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In South Sudan, Boma Youth Accused of Killing Dozens in Jonglei State

FILE - An armed man and a woman talk in South Sudan, July 24, 2013.

In South Sudan, a gang killed 43 people — mostly women and children — abducted more than 50 others, and stole cattle in an attack on Duk-Payuel County on Monday night and Tuesday morning, Jonglei state officials said.

News reports said some local aid workers were among the dead.

Officials dispatched security forces to investigate the incident and track down the killers, Jonglei state deputy governor Agot Alier told South Sudan in Focus on Wednesday.

Alier blamed authorities in neighboring Boma state for failing to stop the vicious cycle of killings, abductions and cattle raids in Jonglei state. Alier said he will seek help from the national government and the United Nations to get the abducted children, women and cattle returned.

Boma state security adviser Lokoli Leme condemned the attack, saying peace cannot happen until the cattle raids and revenge killings end in Jonglei and Boma states. He added that Boma authorities will take action against the youth who attacked Jonglei's Duk-Payuel County.

FILE - A woman from the Murle tribe and her children stand outside their tent in Pibor town in Jonglei state, South Sudan, July 18, 2013.
FILE - A woman from the Murle tribe and her children stand outside their tent in Pibor town in Jonglei state, South Sudan, July 18, 2013.

Alier called on First Vice President Taban Deng Gai to intervene. Gai mediated a peace deal earlier this year between Jonglei and Boma state authorities to ensure that abducted women and children in previous cattle raids were safely returned to their homes.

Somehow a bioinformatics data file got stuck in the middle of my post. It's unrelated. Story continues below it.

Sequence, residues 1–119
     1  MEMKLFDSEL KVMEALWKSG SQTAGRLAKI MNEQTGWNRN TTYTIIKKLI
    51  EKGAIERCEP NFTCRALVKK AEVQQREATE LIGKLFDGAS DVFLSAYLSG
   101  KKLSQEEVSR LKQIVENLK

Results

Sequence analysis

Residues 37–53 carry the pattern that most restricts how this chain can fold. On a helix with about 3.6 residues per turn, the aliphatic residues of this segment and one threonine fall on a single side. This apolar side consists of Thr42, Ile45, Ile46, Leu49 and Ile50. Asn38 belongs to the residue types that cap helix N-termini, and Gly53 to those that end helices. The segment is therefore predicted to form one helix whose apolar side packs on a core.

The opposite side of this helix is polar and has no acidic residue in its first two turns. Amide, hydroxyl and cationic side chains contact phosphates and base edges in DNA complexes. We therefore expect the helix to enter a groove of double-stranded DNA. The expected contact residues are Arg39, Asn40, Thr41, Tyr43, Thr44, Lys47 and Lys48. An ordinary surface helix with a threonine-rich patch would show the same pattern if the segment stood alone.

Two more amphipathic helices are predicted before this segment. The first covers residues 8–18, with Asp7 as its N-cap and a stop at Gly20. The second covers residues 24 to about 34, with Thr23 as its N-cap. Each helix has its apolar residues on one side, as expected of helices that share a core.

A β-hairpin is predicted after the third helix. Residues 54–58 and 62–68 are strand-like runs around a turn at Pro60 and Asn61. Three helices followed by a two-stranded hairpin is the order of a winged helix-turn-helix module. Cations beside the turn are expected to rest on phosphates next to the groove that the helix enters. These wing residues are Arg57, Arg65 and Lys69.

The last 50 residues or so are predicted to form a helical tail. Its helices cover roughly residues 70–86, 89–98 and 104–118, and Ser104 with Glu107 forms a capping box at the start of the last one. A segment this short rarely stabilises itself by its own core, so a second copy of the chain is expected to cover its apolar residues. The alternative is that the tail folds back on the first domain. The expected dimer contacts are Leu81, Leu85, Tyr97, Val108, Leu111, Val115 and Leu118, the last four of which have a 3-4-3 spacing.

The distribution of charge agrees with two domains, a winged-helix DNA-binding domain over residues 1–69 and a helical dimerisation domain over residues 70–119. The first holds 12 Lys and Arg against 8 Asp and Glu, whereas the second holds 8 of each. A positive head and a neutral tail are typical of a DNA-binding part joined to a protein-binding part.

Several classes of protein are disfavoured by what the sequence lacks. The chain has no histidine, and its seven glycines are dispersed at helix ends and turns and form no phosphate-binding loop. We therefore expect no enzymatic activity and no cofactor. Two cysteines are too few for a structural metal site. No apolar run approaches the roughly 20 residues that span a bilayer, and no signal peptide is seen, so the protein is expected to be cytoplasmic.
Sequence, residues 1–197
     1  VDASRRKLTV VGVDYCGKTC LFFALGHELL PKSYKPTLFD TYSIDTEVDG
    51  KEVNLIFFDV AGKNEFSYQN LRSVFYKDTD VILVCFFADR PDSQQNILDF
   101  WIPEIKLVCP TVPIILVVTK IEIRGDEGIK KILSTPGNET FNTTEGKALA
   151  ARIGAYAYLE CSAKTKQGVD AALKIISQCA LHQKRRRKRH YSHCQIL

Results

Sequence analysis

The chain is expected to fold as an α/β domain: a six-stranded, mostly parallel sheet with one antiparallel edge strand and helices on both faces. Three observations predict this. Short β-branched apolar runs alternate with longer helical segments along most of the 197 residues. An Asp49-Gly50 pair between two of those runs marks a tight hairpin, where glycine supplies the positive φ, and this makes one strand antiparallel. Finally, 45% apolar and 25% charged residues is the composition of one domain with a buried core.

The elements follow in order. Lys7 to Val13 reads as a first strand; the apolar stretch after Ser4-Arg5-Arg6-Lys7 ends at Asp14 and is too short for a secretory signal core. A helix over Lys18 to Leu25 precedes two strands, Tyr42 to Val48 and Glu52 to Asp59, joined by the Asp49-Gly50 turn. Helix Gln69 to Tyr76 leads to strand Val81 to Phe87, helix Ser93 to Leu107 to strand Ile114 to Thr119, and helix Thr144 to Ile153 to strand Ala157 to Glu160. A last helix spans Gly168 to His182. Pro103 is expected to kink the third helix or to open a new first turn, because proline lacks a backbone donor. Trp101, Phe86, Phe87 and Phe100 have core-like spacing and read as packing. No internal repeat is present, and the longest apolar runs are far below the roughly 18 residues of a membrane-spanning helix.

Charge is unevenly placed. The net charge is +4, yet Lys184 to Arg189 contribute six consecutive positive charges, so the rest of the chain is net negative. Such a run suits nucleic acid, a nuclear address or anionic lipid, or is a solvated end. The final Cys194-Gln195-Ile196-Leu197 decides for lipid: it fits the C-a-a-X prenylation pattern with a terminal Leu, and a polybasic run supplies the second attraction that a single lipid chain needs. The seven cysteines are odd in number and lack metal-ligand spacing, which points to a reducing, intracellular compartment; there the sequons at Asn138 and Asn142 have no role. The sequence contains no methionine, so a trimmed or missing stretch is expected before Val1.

Gai condemned Tuesday's attack and called on the Murle and Dinka Bor communities to "exercise restraint and avoid further escalating the situation."

The statement said those responsible for the attack will be "thoroughly investigated and the perpetrators brought to book."

Alier urged the United Nations Mission in South Sudan to take action.

"You abduct people from their own parents, their own mothers and fathers, for the purpose of selling them to other needy families. This is more of human trafficking and amounts even to slavery that has been abolished a long time ago," Alier said.

UNMISS spokesperson Daniel Dickinson condemned the incident in a recorded message released to VOA. He said U.N. peacekeepers were being sent to the region.

"UNMISS deplores any incidents in which innocent civilians are killed. The mission is working to send an integrated peacekeeping patrol including human rights monitors to the area," Dickinson said.

Ayuen Guer Roor, spokesperson for the group Dinka Bor Youth Union, said young people do not recognize the cessation of hostilities agreement that leaders of the two communities signed earlier this year.

"We have no agreement with Murle. We are there for war and we must revenge this killing of our people and abducting of our children and women and elders," Roor told South Sudan in Focus.

Gai said national officials summoned Jonglei state governor Philip Aguer and his Boma state counterpart, Ismail Kony, to Juba to explain why members of their communities continue to violate the secession of hostilities agreement, which was signed in May.